Responding to the increased missile threat from North Korea, Japan has crafted a record $46 billion defense budget. This is the sixth consecutive annual increase in its defense spending and includes new acquisitions. Meanwhile, the Republic of Korea will reportedly exercise an option to buy at least 20 more Lockheed Martin F-35s, again in response to North Korean belligerence.
In the new Japanese defense budget are two Aegis Ashore radar systems, paired with the joint U.S.-Japan SM-3 Block IIA missile that is aimed to cover the entirety of Japan. Tokyo will also upgrade its Patriot PAC-3 surface-to-air missiles to PAC-3 MSE standard, as its last-tier defence. The MSE upgrade doubles the PAC-3 missile range from 20 km to around 30 km. Patriots are now deployed to more sites in Japan, including the southern islands of Ishigaki, across the highly contested Senkaku (Diaoyu) island.
The Japanese Air Self Defense Force (JASDF) plans to acquire Kongsberg Joint Strike Missiles (JSMs) for its fleet of F-35As, plus Lockheed Martin AGM-158B joint air-to-surface standoff missiles (JASSM-ERs) and AGM-158C long-range anti-ship missiles (LRASMs) for F-15J/DJ Eagles.
Nikkei Asian Review reported that the JASDF is seeking airborne electronic warfare capabilities. With only handful of such platforms available in the market, the report mentioned the Boeing E/A-18G Growler. The Japanese Ministry of Defense will factor these requirements into the next Mid-Term Defense Program, which will be revised at the end of 2018, so that these aircraft can be acquired between FY 2019 and 2023.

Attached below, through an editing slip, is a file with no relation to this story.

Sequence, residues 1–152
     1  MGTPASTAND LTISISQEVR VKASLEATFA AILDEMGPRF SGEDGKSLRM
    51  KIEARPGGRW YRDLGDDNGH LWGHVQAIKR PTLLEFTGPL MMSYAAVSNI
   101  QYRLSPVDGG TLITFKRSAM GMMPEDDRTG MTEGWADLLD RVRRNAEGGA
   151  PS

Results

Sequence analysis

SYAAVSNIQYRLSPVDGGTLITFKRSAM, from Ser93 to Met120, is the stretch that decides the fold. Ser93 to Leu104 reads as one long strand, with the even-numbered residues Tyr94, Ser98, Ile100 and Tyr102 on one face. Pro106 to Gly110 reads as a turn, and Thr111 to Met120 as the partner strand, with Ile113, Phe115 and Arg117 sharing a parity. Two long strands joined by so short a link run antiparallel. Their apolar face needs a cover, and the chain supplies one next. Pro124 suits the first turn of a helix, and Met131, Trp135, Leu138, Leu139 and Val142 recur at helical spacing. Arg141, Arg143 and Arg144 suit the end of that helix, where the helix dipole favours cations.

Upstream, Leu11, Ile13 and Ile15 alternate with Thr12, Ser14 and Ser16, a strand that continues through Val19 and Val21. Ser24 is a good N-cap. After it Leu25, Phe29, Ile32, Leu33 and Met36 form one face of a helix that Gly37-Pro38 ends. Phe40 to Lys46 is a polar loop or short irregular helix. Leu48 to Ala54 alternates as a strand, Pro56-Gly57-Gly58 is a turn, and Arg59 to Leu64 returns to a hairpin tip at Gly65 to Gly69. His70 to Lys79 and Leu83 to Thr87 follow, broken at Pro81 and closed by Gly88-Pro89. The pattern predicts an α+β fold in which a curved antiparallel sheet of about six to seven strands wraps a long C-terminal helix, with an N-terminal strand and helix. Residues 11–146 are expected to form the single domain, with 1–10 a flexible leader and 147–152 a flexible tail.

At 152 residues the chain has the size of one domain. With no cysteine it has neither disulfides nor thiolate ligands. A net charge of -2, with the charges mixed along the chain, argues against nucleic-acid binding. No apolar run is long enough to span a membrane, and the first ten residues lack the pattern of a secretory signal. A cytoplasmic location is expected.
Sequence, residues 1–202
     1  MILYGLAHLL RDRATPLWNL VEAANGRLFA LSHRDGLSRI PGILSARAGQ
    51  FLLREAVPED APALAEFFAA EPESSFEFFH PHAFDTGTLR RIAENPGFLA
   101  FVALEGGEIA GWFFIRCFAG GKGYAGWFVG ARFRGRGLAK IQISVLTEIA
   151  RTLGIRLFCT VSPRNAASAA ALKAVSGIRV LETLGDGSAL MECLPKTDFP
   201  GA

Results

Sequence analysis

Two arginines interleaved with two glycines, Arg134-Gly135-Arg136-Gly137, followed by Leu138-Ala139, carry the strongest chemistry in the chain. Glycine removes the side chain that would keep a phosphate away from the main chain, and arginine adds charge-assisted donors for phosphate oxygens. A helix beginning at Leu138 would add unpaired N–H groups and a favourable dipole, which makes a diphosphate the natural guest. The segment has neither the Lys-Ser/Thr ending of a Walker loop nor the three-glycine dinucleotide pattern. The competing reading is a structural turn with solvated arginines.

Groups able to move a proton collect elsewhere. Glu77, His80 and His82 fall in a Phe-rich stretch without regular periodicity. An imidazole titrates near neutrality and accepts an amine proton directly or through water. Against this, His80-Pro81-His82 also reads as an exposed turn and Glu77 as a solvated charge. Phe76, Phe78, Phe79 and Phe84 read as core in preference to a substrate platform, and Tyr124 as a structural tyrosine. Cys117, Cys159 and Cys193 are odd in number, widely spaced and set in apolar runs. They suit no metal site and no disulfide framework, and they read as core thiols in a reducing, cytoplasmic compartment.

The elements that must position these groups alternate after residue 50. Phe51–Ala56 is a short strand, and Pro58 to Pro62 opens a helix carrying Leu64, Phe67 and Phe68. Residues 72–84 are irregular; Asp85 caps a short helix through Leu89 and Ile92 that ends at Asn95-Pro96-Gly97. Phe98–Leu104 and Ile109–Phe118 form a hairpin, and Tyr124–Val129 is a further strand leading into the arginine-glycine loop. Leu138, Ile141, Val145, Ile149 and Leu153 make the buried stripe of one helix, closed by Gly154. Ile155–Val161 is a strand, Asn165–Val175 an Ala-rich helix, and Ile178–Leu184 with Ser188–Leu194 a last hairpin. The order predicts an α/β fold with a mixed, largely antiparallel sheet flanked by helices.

Separately, on December 22 Japan awarded Boeing a contract worth $279 million for its first KC-46A Pegasus tankers. Japan announced its decision to buy four KC-46s in 2015. The JASDF already operates four KC-767 tankers, which, like the KC-46A, is based on the 767 airframe.
According to the Joongang Ilbo newspaper, Korea’s Defense Acquisition Program Administration (DAPA) has begun the acquisition process for 20 additional Lockheed Martin F-35A Lightning II stealth fighters. However, Israeli website Defence Industry Daily said that other Korean reports suggested the additional order could be for 26 jets, including six F-35B STOVL versions for operation from a Korean Navy assault ship that is now under construction. The Republic of Korea Air Force (ROKAF) ordered 40 F-35As in 2014, and the first airframe is expected to roll out this year.
The F-35s will be part of South Korea’s “kill-chain' pre-emptive strike plan, which involves a series of planned strategic strikes to supposedly eliminate North Korea’s key offensive capabilities in the event of war.